Temporary Mural Project

August 27, 2024 - December 6, 2024
Nancy Dryfoos Gallery
Mashell Black

About the Exhibition

Attention students and community members, pick up your paintbrushes and prepare to create! We cordially invite you to participate in the Temporary Mural Project. This collaborative endeavor will unite the Kean University community and its supporters with the acclaimed Jamaican-born artist Mashell Black. Utilizing the walls of the Nancy Dryfoos Gallery as a canvas, we seek to create a visually compelling representation of the diverse individuals associated with Kean University.

Take inspiration from Black by using abstract lines and blocks of color, or allow the paint to drip and fall wherever it may. There is no wrong way to contribute: draw a sketch, extend another drawing, or layer over previous works.

Black’s process allows him to connect with the community he is working with on a spiritual level. He explores how art manifests from the observer to a community, forming into society. Diving into that connection allows for his temporary pieces to manifest.

Inspired by his love for his family, Mashell Black can transform primal emotions and create freely, honoring his ancestors. In his travels, he harmoniously combines his devotion to his family with active participation in the community to foster unity among all people.

Be a part of the art, visit, and contribute to Mashell Black’s Temporary Mural!

All supplies provided.

Selected Works

About the Artist

Born in a small rural community on the island of Jamaica in 1980, Mashell Black found a calling in expressing himself creatively when school supplies and local resources were not available to provide him with the foundation of a traditional education. After moving to the United States in 1994, Black’s family encouraged him to continue pursuing his art. With the watercolor lessons that his step-grandmother gave him, he also learned to read and write, improving on the limited education he received in his native country.

Black went on to excel in a traditional school environment in Tenafly, NJ, while maintaining his love of drawing and painting. With a substantial scholarship in hand, he attended Syracuse University, graduating in 2003 with a Bachelor of Fine Arts. Black continued his education and pursued a Master of Fine Arts at Rutgers University’s Mason Gross School of the Arts, completing his degree in 2006.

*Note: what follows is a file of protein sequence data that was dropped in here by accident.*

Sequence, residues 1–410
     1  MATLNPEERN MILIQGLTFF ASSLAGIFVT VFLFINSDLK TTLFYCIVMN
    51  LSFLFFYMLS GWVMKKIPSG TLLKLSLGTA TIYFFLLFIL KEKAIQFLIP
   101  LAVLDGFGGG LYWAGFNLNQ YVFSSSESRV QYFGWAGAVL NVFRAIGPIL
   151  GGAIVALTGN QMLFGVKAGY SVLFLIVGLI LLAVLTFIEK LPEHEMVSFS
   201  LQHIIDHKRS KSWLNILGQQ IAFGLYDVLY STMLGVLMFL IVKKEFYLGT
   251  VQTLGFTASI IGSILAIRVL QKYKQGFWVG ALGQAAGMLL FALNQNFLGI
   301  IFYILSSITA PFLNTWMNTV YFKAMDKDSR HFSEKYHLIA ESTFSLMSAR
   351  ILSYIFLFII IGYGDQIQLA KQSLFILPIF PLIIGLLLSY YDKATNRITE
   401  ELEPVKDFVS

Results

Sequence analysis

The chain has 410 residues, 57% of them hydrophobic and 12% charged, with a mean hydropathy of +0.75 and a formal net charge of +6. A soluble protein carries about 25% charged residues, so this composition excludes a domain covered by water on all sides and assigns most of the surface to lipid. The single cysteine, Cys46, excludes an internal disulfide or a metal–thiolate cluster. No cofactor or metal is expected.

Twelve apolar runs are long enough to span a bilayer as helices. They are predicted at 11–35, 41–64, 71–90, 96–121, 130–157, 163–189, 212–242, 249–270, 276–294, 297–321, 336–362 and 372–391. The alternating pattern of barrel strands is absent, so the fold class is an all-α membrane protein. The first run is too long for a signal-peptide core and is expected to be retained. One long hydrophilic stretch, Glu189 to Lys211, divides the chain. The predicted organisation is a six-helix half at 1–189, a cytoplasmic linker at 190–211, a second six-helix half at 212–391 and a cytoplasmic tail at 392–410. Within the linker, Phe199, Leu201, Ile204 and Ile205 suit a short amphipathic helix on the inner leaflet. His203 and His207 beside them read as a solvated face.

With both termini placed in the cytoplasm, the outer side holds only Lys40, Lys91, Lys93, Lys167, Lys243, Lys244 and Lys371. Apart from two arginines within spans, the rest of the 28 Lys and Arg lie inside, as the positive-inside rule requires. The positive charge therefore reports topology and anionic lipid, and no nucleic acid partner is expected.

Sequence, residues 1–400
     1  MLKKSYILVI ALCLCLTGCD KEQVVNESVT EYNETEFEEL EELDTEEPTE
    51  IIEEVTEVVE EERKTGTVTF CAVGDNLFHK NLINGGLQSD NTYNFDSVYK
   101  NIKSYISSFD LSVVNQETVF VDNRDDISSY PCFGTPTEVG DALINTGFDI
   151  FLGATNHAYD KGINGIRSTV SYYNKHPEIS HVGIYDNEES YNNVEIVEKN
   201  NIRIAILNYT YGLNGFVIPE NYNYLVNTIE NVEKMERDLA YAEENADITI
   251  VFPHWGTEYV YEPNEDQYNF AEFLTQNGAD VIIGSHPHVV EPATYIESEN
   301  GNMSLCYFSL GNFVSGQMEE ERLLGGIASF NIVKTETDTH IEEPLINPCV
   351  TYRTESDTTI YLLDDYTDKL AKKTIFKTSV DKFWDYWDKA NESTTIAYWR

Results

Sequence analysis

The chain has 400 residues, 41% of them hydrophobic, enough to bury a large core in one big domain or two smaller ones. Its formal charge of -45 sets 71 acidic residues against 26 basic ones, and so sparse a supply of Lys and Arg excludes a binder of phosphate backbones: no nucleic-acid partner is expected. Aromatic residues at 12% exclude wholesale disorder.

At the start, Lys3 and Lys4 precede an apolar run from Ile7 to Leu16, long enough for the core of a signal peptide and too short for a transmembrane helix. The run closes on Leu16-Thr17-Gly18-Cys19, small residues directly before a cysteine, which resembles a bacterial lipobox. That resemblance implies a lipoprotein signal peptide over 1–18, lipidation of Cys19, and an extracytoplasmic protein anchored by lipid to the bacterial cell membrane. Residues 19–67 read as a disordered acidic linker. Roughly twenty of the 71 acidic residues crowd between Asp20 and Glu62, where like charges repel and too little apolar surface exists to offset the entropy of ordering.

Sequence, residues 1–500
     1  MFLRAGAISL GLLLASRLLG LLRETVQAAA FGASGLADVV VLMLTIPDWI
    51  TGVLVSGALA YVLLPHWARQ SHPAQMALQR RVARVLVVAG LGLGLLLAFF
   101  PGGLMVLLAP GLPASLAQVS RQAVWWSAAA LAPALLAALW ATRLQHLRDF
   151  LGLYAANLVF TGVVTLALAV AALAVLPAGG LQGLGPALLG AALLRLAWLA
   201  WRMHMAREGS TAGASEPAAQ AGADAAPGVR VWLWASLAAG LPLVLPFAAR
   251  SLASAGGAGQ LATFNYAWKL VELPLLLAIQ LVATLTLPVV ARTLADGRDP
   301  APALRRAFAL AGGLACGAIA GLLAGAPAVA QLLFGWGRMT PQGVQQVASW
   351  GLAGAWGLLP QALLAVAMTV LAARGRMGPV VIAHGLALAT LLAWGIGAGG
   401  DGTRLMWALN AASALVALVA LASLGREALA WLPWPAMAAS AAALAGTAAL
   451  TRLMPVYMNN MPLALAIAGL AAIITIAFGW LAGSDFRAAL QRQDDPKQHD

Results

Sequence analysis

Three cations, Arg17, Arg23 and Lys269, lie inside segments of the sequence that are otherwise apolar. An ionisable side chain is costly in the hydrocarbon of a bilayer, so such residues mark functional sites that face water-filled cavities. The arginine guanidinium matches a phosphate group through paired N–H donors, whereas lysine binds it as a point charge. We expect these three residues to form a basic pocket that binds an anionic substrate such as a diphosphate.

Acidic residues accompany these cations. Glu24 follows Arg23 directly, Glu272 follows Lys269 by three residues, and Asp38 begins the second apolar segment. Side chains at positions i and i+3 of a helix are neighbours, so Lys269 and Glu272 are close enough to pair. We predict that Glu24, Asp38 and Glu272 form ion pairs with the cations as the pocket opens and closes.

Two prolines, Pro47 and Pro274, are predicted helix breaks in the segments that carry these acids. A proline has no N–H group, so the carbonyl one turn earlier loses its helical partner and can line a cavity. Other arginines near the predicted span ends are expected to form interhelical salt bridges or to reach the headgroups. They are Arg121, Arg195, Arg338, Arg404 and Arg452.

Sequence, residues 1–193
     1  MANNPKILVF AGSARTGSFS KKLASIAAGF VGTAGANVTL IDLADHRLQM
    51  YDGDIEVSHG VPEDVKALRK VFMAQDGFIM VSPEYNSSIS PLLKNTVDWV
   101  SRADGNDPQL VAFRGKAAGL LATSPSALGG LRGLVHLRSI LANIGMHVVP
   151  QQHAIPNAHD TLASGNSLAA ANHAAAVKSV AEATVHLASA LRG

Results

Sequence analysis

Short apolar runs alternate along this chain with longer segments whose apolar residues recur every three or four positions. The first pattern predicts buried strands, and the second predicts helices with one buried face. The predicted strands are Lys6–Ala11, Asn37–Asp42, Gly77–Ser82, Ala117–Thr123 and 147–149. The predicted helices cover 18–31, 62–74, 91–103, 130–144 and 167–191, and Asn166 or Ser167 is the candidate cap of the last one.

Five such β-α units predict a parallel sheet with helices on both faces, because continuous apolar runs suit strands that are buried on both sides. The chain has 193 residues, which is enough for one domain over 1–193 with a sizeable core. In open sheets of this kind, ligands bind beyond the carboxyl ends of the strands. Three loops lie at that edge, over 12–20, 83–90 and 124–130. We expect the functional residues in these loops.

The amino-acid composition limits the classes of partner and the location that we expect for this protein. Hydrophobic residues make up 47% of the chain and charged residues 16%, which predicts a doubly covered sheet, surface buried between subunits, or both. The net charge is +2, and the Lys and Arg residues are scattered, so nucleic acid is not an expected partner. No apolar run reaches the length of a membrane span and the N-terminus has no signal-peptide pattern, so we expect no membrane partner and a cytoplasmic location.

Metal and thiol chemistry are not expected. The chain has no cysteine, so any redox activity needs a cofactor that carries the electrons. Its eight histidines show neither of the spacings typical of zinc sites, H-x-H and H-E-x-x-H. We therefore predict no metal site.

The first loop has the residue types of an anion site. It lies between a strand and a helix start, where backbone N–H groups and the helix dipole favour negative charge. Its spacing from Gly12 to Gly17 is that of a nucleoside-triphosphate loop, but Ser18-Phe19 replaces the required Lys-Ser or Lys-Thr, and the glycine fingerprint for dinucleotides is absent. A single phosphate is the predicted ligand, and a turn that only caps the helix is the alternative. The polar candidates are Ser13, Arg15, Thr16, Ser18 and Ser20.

From construction work to picture framing to substitute teaching, after graduation, Black worked a number of jobs while building a space where he could concentrate on his art. Along the way, he also started his own house painting business. With the blessing of his wife, Rabiyah, Black returned to creating art, developing new techniques, and engaging the art world full-time in 2016.

With the start of the new decade, Black is expanding his art practice even further, channeling his experience as an immigrant and an African American. With one foot firmly planted in the world of painting and the other in drawing, his technique reveals a common theme of isolation as he exists between a state of belonging and not belonging, exploring the place he occupies between them. Equally devoted to both disciplines, Black now uses his creative talent to recognize the spiritual connection that art manifests within an observer, within a community, and within our society.

Artist Statement

I create art that celebrates paint, lines, and drips. Fascinated with the transitions of one mark to the next with every line and color in relation to each other, I use these relationships to reveal emotional journeys and craft engaging tales.
I often share stories about my wife and son because love often inspires me. Other times, when I’m filled with anger and fear, I find painting is a fantastic place to resolve such primal emotions. And when I feel lost and alone, I reach back for some kind of ancestral connection.

So, I go back in time to connect and dance with my ancestors through this medium of paint. They love me, and I love them. We dream together. And in this place, I’m free to imagine and create the worlds as I see fit.

I need this kind of power and love because being nervous and feeling like a victim often leaves me shaken and unfocused. But when I paint, relaxation takes over, and intensity is replaced with peace. I become aware of every mark and sound around me, yet I remain willing to go wherever the painting needs to go.

The spiritual connection I feel with my story, with my ancestors, and with my canvas is the reason why I make art. And it is this spiritual connection that also drives me to share these experiences that show up in my paintings.